Don't get me wrong, Hamilton is a pretty easy course. With 3 par 4s under 325 yards, 3 longer par 4s between 385 and 425 yards (2 of them downhill), 1 short and 1 long par 3 (both uphill), and a short par 5, it has a lot of birdie holes, despite being hilly and having its fair share of trees and water in play. By contrast, the Easiest Course in the World has no water in play, no sand traps, and tree trouble on only a few holes, plus it's very flat. Although it's a couple of hundred yards longer than Hamilton, and has just as tiny greens, it's significantly, well, easier. Only 4 of its 18 holes are really difficult pars (and 3 of them come on the front, which has more birdie holes than the back), its 3 par 5s are all reachable in 2 when the course isn't soaking wet (and for longer hitters than me, even then), and its fairways are wide, rough low, and greens slow. The second I saw it, late in the summer of 1998, I knew I could break 70 there. It took me 3 years to do it--a 68 in late August 2001--and I've only done it 5 times since then, with a low of 66 the following August. But it's definitely the kind of course where I expect to have a chance to go under par almost every time I tee it up--particularly during that stretch between 1999 and 2004 when I was averaging almost 60 rounds a year.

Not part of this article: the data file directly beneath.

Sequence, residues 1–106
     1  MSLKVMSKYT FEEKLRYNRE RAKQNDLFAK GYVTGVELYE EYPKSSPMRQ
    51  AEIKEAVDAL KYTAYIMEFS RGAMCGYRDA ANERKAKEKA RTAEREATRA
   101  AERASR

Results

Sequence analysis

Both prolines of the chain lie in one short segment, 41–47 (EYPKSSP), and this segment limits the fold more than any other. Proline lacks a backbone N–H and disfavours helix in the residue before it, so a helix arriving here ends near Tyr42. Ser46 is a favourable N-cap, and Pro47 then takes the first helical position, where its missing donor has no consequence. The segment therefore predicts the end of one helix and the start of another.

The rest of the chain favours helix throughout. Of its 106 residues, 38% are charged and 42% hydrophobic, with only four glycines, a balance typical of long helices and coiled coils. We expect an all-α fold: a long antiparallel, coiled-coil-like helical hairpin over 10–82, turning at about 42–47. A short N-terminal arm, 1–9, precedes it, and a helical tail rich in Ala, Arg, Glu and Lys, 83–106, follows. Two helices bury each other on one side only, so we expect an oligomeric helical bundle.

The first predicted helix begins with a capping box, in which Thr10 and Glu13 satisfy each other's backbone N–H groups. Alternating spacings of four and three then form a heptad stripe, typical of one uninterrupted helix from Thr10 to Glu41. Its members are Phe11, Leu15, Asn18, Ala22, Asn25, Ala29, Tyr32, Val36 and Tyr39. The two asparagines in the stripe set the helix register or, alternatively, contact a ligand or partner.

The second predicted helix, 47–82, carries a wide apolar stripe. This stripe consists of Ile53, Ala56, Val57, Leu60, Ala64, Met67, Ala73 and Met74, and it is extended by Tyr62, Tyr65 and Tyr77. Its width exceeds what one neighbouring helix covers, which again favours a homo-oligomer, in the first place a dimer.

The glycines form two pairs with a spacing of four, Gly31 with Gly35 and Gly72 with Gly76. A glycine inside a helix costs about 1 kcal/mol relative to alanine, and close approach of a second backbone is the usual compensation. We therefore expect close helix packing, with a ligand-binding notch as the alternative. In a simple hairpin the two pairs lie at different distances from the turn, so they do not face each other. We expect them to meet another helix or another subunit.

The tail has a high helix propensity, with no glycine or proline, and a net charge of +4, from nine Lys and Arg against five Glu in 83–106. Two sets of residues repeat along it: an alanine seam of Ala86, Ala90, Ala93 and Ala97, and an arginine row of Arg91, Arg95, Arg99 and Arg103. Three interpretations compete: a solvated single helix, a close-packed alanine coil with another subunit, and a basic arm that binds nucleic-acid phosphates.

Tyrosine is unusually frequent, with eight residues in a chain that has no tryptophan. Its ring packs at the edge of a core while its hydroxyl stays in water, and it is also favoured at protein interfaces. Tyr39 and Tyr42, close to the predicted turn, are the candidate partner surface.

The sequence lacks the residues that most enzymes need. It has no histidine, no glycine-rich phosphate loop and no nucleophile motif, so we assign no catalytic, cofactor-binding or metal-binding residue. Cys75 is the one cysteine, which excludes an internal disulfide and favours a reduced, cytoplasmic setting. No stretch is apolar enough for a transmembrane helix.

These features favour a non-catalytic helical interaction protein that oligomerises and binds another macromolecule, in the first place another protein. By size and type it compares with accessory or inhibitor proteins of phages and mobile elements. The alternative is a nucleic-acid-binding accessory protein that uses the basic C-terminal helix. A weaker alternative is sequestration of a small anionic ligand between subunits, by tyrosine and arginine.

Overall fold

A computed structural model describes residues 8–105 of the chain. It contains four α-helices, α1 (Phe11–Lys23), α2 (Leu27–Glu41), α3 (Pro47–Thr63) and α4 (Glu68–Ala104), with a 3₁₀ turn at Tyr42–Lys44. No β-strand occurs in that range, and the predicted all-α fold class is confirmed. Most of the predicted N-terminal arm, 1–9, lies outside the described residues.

It's no coincidence that I broke 70 for the first time in 2001, for that's the summer that I switched to the Titleist Pro V1. Not only did it go further than the DT--much further--but it was almost as soft as the balata balls I had given up playing in the early '90s. Combined with a shift to a TaylorMade driver, my switch to the Pro V1 allowed me to really attack golf courses for the first time in my life. 2001 was the 1st year my scoring average went under 80, my birdies per round went over 1.37, my GIR average went over 7.5, and I shot 37 or better more than 20% of the time. My best season came the following year, when my scoring average reached its career low of 77.23, my birdies per round a career high of 1.542, my GIR a career high of 8.14, and I shot 37 or better 36.1% of the time. I think it's fair to say that I benefitted from changes to the ball more than any other advancement in golf technology. I went from carrying my drives 200-230 yards in high school to 225-240 yards in college to 240-260 yards in this next phase of my competitive golfing career. And it's not like the changes mattered only on easy, short courses. Playing in the Utica City Amateur at Valley View 7 years between 1991 and 2000, I shot 76 or better once in 14 tries. In the next 4 years I did it 5 times out of 10, with a low of 73 in 2001. I qualified for the New York State Mid-Amateur tournament for the 1st (and only) time in 2002, by which point I had lowered my handicap to a 2.